Iranian art forms are almost all influenced by religion. This is because nearly all of the Iranian art forms peaked during the Islamic era.
What makes Iran different from other Islamic countries is that the Persian culture that occurred before the Islamic conquests had ended a thousand years before the Arabs arrived. Islamic art in Iran tends to be non-representational, derivative and stylized over the figurative and the true-to-life. Geometrical shapes and complex floral patterns are especially popular in Iranian Art. Tradiotionally, Islam has forbidden the representation of living beings. In Sunni Islamic counties you seldom see an image that represents a living being, but Islamic Art often surprises people with its portraits and images of animals.
The best-known Iranian cultural export is the Persian carpet. Carpets mean much more than a floor covering to Persians. A Persian carpet is a display of wealth, an investment, an integral part of religious and cultural festivals, and is used in everyday life.
The oldest surviving carpet is the ‘pazyyk’ rug. It is believed to date from the 5th century BC and was discovered inn the frozen tomb of a Scythian prince in Siberia in 1948. While the rug’s exact origins are unknown, some scholars believe it is the style of carpets found in the achaemenid court.
Persian carpets are still an important industry in Iran. According to the National Iranian Carpet Center, more than 5 million Iranians work in the industry and carpets are the country’s largest Non-oil export by value. Carpet trade relies on the prestige evoked by the term ‘Persian carpet’, but maintaining the ‘brand’ is becoming difficult with cheaper version of ‘Persian carpets’ being made in India And Pakistan. Furthermore, fewer young Iranians are interested in learning to weave. Expect the cost of making genuine handmade rugs – and their price in the bazaar – to rise steadily.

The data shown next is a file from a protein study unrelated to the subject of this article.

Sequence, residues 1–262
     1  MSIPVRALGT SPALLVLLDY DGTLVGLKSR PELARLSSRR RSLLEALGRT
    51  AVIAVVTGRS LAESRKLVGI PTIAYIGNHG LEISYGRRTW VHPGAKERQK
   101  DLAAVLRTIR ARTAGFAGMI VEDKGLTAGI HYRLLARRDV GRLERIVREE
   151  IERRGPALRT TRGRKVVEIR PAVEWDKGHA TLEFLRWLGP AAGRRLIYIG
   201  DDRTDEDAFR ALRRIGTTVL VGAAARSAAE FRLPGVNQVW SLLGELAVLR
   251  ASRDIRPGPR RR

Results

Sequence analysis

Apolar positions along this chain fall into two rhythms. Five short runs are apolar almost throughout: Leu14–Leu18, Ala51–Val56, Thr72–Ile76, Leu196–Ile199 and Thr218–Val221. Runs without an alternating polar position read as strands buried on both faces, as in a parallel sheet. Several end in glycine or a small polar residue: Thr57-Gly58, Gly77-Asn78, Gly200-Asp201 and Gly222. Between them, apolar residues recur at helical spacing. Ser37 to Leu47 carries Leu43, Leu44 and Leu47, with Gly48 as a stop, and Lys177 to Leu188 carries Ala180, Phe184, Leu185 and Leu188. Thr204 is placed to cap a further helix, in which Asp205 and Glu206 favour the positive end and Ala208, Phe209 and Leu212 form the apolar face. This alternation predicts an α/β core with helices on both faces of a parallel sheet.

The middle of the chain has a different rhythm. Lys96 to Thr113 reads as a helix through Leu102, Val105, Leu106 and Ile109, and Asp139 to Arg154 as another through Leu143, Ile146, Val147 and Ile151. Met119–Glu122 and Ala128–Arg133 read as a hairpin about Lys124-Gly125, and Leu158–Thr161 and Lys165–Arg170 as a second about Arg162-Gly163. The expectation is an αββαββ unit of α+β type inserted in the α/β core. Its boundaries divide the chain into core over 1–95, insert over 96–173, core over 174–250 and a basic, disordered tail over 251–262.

Type of carpets & rugs
Most people use the words ‘carpet‘ and ‘rug‘ interchangeably. The difference between the two words is that a carpet is bigger than a rug. Anything longer than about 2m is considered a carpet, while anything shorter is a rug. As well as carpets, which are made using thousands or even millions of knots, you will also find kilims. Kilims are thinner, flat-woven mats without knots and no pile. Carpets come in a huge variety of designs. Some are inspired by religion, such as prayer rugs which usually display an arch representing the main arch of the Al Haram mosque in Mecca and perhaps a lamp symbolic of the statement in Quran that "Allah is the light of heaven".
Other common designs are stylized trees of life and hunting scenes and pictorial depictions of epic poems. They may also be inspired by whatever surrounds the weaver, e.g. trees, animals and flowers, particularly the lotus, rose and chrysanthemum. Gardens are commonly depicted on carpets too. In the case of a tribal nomad, a garden carpet will be the only garden the weaver will ever on.
In general, these designs are consider either ‘tribal ‘or ‘city’ carpets. Tribal designs vary greatly depending on their origin, but are typically less ornate. ‘City carpets’ are the classic Persian rugs you’ll have seen across the world, usually highly ornate floral designs around one or more medallions.
Most Iranians want to own hand woven city carpets. If you can’t afford a hand woven city carpet, buy a machine-made city carpet, as any city carpet is far better than a tribal carpet. Tribal carpets are believed to be the work of peasants.